Like almost every one of these minor-league debates, the matchup between Mike Pence and Tim Kaine did not look or feel like a not-to-be-missed clash of the titans. Nothing much happened that night that stands out in memory. Kaine was often rude and he interrupted a lot, though his behavior was nowhere near the level of President Donald Trump’s in this year’s first presidential debate. Pence was bland, as had been expected.
This year’s debate between Pence and Kamala Harris is almost certain to be different — not because anyone expects any titan sightings. What drives interest in a less-consequential event on television is outside circumstance. The big circumstance (and bear) in this case is the Coronavirus; it even chased the president off into the wings — temporarily, anyway. That has complicated the vice president’s status, with a lot of questions raised about whether he would be able to participate at all Wednesday night — or should.
Presupposing no other disasters intrude, and all goes ahead as planned, this VP debate has taken on hugely heightened interest.
Obviously there are other hot-point issues driving interest in the race — fear of losing health care, racial justice conflicts, climate change, economic uncertainty — but few people expect decisions on these to be driven by a vice president’s views.
Whatever topics the moderator, Susan Page of USA Today, had planned to explore, surely the centerpiece will be the question now searing the consciousness of every voter: What can be done about this virus and its unrelenting impact on life in America, and how can the current administration defend its response in the wake of a surge inside the White House itself?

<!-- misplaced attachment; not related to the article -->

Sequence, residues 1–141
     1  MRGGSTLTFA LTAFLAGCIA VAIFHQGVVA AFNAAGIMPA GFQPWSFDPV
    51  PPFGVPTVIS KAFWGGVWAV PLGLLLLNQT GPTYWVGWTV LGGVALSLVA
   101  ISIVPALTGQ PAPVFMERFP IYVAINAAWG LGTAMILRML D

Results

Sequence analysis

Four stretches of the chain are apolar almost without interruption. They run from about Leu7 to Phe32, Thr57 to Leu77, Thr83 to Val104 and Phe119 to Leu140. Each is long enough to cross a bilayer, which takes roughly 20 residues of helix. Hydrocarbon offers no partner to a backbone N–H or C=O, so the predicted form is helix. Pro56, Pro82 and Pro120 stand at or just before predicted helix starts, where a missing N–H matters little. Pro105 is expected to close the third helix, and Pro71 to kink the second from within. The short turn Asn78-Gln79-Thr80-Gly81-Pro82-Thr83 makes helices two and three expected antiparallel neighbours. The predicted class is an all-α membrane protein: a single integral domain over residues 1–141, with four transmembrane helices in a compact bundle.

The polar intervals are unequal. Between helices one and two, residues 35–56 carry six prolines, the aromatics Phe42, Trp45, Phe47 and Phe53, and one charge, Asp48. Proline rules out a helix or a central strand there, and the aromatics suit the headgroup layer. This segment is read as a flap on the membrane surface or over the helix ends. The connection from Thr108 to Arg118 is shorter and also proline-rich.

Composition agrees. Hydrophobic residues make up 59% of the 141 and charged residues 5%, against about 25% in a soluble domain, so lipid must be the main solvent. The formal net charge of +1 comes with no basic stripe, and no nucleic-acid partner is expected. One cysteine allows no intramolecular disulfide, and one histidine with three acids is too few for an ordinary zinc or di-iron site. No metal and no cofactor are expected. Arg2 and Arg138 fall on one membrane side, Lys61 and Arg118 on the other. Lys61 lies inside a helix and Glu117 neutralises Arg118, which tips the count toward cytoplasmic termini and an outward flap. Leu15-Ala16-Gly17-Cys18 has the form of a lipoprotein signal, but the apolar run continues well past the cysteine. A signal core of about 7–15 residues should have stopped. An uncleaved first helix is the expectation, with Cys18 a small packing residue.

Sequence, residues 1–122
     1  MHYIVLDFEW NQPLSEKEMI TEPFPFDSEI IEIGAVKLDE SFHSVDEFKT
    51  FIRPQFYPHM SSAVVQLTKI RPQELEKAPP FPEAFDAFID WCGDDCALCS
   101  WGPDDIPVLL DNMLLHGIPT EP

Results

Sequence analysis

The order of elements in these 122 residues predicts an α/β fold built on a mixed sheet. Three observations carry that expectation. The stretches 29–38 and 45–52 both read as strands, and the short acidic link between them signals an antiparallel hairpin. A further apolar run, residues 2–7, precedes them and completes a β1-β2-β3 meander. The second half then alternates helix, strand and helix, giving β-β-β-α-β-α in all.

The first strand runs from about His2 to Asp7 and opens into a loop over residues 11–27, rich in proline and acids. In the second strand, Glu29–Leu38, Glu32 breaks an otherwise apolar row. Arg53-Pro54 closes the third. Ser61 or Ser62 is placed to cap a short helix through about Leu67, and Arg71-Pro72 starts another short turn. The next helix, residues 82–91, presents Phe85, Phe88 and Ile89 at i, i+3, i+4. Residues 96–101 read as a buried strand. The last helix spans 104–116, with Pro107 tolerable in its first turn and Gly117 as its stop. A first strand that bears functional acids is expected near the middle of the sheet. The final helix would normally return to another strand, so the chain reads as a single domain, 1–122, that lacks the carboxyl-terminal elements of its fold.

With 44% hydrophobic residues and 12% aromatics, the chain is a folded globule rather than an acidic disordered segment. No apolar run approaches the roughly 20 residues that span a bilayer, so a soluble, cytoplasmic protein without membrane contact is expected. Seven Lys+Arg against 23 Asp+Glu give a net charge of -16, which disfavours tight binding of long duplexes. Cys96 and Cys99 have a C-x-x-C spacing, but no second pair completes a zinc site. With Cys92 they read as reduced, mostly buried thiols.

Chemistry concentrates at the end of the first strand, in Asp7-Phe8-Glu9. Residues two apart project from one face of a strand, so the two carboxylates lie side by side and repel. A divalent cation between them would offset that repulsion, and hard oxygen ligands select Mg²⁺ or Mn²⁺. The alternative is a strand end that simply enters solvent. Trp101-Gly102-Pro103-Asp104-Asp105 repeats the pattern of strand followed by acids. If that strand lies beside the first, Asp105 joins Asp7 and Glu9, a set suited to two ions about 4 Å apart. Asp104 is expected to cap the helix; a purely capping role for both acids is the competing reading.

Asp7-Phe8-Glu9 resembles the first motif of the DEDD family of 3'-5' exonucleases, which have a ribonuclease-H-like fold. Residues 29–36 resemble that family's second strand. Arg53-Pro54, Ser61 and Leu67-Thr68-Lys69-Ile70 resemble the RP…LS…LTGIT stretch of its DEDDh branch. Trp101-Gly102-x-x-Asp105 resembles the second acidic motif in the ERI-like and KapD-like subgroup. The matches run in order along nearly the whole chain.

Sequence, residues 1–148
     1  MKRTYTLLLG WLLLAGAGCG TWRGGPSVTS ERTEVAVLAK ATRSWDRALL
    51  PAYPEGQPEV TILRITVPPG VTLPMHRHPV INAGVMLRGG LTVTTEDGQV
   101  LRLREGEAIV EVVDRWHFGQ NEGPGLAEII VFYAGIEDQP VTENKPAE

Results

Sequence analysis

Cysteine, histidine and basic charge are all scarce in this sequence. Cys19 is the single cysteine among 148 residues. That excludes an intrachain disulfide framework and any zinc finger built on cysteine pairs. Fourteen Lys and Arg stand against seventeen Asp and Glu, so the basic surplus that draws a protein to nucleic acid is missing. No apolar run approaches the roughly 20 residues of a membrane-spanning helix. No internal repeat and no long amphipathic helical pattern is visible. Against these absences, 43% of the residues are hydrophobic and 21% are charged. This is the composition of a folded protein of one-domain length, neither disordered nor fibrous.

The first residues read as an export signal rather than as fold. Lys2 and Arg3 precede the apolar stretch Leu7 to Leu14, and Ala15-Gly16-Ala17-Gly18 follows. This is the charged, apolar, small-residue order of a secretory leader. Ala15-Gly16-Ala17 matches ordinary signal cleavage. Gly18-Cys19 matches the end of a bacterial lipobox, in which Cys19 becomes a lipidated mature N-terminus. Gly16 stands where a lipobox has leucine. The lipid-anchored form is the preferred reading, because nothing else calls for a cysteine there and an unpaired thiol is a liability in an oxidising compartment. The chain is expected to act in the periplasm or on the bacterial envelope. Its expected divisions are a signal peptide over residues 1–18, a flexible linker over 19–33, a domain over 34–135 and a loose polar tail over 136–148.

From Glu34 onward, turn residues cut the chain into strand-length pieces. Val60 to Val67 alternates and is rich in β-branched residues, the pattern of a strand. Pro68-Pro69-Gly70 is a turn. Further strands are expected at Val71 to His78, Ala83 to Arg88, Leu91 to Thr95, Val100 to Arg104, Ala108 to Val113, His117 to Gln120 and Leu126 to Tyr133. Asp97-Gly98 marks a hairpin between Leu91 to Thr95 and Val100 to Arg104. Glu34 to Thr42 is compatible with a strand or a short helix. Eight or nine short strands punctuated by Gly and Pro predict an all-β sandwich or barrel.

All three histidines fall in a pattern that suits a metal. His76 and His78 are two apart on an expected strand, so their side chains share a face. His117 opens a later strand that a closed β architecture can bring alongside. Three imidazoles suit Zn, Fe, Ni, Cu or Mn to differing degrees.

That point is likely to be underscored visually in the expanded separation between Pence and Harris — 12 feet, up from 7 — and the wall of plexiglass that the Harris team reportedly insisted on. The message in that will be clear: Members of this White House are dangerous to be around.
Whatever Harris does visually, she is certain to hammer home the story dominating the news this week: The virus has turned the White House into “a hotbed of viral activity,” as Dr. Sanjay Gupta put it on CNN on Monday.
Every time she does, it will refocus viewers’ attention on the overwhelming circumstance looming over the event: the odds that either one of these contenders might succeed to the presidency are the highest in the history of vice presidential debates — and the vice presidency itself.
Pence is in position behind a 74-year-old man, sick with a virus that has killed more than 200,000 Americans. And Harris is in position behind a 77-year-old man, who has his own actuarial questions — at least surrounding whether he could reasonably run for re-election. In the back of the mind of every viewer will surely be the realization that they are evaluating a future leader of the Free World.
All of which underscores the changing estimation of the job itself. For much of history, vice presidents have served a barely noticed role with no clearly established function. They did almost nothing of consequence — unless they shot a Founding Father in a duel.
More recent vice presidents have complained much less about lack of substance in the job, mainly because they have been given much more to do by more collegial presidents. Even the especially egocentric Trump put Pence in charge of the virus task force, and for a while at least, he won some credit for doing that job.
That still won’t mean the minds of any voters (or many, anyway) will be changed by how these candidates fare in this debate. After the debacle of the presidential debate, it might be valuable to actually hear some issues discussed rationally. But given the steady fusillade of eye-popping and outright bonkers developments in this race, what the two nominees actually say Wednesday night is not likely to be memorable.
The lasting impression, if there is one, will be about who these two people are, and who they are capable of being, in perhaps the not-too-distant future.